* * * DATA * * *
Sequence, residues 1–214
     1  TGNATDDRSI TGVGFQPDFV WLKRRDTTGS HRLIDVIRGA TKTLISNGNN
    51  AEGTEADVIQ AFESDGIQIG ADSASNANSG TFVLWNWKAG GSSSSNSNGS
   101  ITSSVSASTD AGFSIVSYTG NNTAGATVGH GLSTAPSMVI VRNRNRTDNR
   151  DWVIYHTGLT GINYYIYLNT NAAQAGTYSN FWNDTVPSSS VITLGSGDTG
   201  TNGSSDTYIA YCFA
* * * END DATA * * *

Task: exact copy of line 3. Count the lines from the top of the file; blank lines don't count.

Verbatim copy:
    51  AEGTEADVIQ AFESDGIQIG ADSASNANSG TFVLWNWKAG GSSSSNSNGS